J. F. Lewis
Published 2008 370 pages
Summary (from the book jacket)
Eric's got issues. He has short-term and long-term memory problems; he can't remember who he ate for dinner yesterday, much less how he became a vampire in the first place. His best friend, Roger, is souring on the strip club he and Eric own together. And his girlfriend, Tabitha, keeps pressuring him to turn her so she can join him in undeath. It's almost enough to put a Vlad off his appetite. Almost.
Eric tries to solve one problem, only to create another: he turns Tabitha into a vampire, but finds that once he does, his desire for her fades -- and her younger sister, Rachel, sure is cute. And when he kills a werewolf in self-defence, things really get out of hand. Now a pack of born-again lycanthropes is out for holy retribution, while Tabitha and Rachel have their own agendas -- which may or may not include helping Eric stay in one piece.
All Eric wants to do is run his strip club, drink a little blood, and be left alone. Instead, he must survive car crashes, enchanted bullets, sunlight, sex magic, and werewolves on ice - not to mention his own nasty temper and forgetfulness.
Because being undead isn't easy, but it sure beats the alternative.
Staked is the debut novel for new author J. F. Lewis. Pitched at the urban fantasy genre, Staked is jam packed full of vampires, werewolves, demons and witches. The storyline follows the events in the lives of two vampires, Eric and Tabitha, over a short timeframe - just of a couple of days before Eric’s birthday.
Events in the story are narrated in first person by both Eric and Tabitha and this enables the author to cover the same events from two (very) different points of view. The story drops readers straight into virtually non-stop action at the start, with Eric killing a vampire and a werewolf in an alley close to his strip club. He has no idea why he has killed them and readers have no idea either. This reflects Eric’s general confusion through out the novel as his short-term and long-term memory proves to be both unreliable and elusive.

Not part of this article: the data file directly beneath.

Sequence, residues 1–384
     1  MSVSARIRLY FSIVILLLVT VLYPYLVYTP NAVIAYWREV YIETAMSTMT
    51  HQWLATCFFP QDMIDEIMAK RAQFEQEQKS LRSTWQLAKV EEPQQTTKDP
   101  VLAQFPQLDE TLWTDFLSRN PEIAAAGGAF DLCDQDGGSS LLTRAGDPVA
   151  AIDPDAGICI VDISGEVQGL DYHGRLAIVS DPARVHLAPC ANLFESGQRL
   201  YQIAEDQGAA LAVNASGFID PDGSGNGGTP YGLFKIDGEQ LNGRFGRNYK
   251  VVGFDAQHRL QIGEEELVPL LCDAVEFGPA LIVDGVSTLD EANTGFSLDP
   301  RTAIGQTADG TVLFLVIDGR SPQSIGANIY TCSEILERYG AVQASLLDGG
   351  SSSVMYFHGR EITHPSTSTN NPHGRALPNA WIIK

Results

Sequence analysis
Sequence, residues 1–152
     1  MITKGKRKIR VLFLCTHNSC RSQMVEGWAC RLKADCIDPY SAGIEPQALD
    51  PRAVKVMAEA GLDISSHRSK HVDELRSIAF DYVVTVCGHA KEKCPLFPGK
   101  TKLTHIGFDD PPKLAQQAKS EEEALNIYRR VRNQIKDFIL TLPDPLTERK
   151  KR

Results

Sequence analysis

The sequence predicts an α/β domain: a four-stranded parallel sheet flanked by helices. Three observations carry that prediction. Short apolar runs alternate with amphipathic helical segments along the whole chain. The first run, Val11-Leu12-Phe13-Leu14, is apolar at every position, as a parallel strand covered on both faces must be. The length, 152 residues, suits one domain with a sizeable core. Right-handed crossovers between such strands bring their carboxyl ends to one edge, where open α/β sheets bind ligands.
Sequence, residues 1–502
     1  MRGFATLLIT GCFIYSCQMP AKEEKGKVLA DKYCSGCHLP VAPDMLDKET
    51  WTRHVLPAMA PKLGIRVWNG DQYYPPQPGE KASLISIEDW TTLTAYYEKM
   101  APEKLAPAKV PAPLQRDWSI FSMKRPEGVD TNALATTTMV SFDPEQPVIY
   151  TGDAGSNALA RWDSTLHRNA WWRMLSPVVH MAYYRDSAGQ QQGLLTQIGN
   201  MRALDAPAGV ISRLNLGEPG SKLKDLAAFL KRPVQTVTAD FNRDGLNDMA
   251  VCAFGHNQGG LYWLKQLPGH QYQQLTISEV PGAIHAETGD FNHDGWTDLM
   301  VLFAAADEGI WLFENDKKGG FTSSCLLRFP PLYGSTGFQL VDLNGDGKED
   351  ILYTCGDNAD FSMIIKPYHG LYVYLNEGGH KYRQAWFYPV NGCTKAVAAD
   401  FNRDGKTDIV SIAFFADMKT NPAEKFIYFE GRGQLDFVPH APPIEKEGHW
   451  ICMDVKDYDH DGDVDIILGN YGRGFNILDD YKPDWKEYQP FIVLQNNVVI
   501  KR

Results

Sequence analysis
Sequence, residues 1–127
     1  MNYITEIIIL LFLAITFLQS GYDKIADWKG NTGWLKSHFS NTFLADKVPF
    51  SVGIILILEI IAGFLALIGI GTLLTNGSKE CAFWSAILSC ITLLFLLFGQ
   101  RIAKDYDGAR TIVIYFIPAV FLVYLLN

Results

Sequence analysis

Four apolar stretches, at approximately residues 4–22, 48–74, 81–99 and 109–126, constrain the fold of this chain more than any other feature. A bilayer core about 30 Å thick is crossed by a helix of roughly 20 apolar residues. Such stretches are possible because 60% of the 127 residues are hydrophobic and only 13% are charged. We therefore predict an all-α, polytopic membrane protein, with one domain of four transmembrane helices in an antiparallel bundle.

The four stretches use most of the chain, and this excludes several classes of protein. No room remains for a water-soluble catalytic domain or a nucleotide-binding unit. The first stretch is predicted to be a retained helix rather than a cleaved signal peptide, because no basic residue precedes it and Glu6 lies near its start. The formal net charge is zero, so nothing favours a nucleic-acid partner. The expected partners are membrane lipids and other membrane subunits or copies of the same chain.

Unlike most urban fantasy novels Staked isn’t written by a female author which is probably what gives Eric his more realistic male attitude towards life, love and death. As soon as he has turned Tabitha, his human girlfriend, into a vampire he can’t wait to be rid of her. Its not that he doesn’t love her (he is just typically male enough not to have given much thought to his feelings) he might love her, but he doesn’t know it. The same events from Tabitha’s perspective are read as a sign of Eric’s love – showing that while Tabitha may be in touch with her own feelings she really doesn’t understand Eric’s.
Another sign that Staked was written by male author is that, along with having a well-written male protagonist, the violence in the novel is both plentiful and much more gory than in most urban fantasy novels. Blood flows, brain matter get splattered and the body count rises as the novel races towards its deadly conclusion. This is perhaps more in line with contemporary horror than urban fantasy but either way its hugely good fun.
And there we have it. Hugely good fun. This novel is entertaining with engaging characters that you can’t help but like. It is hard to say why this novel works. The vampires are all casual killers, murderers who kill with little regard to the consequences, and by rights we shouldn’t like them. Let alone be able to empathise with them - but somehow their larger-than-life characters really work. While the novel isn’t laugh out loud funny it is humorous, so maybe the humour works to make the characters and their actions seem more like an amusing fantasy than anything remotely real.
Staked has its own unique take on the modern day vampire myth and is populated by four different types of vampires. There are Drones, not very intelligent or talented they reside at the bottom of the vampire pecking order. Soldiers, who have limited shape changing abilities and can fight but are relatively easy to kill. Next in strength are the Master vampires who have most of the traditional vampire powers, and then there are Vlads.
A Vlad is vampire akin to Dracula from the Hammer House horror movies of the 60’s. However you try to kill a Vlad they can always manage to regenerate. Dissolve them in holy water? A drop of blood can revive them. Stake them through the heart? Remove the stake and voilà instant angry reanimated vampire. I think you get the general idea - and Eric is a Vlad, making the opportunities for entertainment almost endless…
Staked falls somewhere between Jim Butcher and Charlie Huston on the fantasy/horror scale. It has the violence and gore of Charlie Huston’s Joe Pitt novels but lacks their visceral horror – Joe Pitt is more viscous than Eric any day of the week. Staked will probably appeal most to readers who like Jim Butcher’s Harry Dresden but just wish that Harry would stop being so damn nice all the time.
Hugely entertaining – Staked is recommended reading.
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